For those unfamiliar with sub-continental politics, Pakistan is understood to be fueling Islamic militancy and terrorism in India, while Bangladesh, not a military superpower, is presumed guilty of pushing millions of illegal migrants into India.
Pitted against Modi is the scion of the Gandhi family, 43-year-old Rahul Gandhi, the British-educated development economist pitchforked into leadership as vice-president of the Congress Party. He is, by default, its prime ministerial candidate. The candidature is only presumed, because the party says prime ministers are chosen by elected members of parliament and not by parties or the press.
Gandhi brings a certain freshness and innocence to Indian politics. But his is not the persona that will launch a thousand warships, or threaten India’s militants and Pakistan’s irregular armed militias that routinely penetrate the Kashmir valley.
He is seen as a soft person, almost a namby-pamby. His speeches are full not of aggression and rhetoric, but of plaintive cries for reform. He promises a brave new world in which the poor and the women will be empowered, and where there will be transparency in governance. He may well appeal to the youth, but his political charm remains untested.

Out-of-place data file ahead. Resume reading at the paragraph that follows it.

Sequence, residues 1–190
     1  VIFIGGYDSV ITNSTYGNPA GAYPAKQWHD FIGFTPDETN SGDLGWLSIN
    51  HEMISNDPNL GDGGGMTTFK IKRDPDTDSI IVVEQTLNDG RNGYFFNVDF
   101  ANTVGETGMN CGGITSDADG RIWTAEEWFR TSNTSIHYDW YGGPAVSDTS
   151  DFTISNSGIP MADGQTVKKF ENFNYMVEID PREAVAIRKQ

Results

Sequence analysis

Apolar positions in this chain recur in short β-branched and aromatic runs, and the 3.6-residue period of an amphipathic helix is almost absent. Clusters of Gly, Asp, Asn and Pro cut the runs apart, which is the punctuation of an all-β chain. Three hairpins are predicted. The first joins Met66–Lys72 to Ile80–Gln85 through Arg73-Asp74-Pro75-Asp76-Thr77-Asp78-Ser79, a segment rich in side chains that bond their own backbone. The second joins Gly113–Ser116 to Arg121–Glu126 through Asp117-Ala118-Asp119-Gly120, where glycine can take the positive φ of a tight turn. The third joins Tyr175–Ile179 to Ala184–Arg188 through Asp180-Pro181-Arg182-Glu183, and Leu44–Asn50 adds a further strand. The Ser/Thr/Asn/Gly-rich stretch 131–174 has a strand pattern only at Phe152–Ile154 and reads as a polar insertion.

This is an unequal media battle. Modi is easily the more media savvy person. He has excellent professional help in his public relations, with major international image management groups involved in fine-tuning the nitty gritty of a strategy that can sell a prime ministerial candidate to the public with the same finesse that it sells breakfast cereal and skin whitening cream to the upwardly mobile 400 million of India’s 1.2 billion population.
And therein lies the problem for India’s indigenous election forecast companies and American institutions such as the Pew Foundation that said in a recent poll that Modi is more than three times as popular as Gandhi, and the BJP is close to assuming power.
Most predictions are based on surveys of a population sample that considers urban and rural divides, the youth factor, even education and income. They also consider whether the contest is a direct one, or has three or four major contending parties, which can muddy the waters.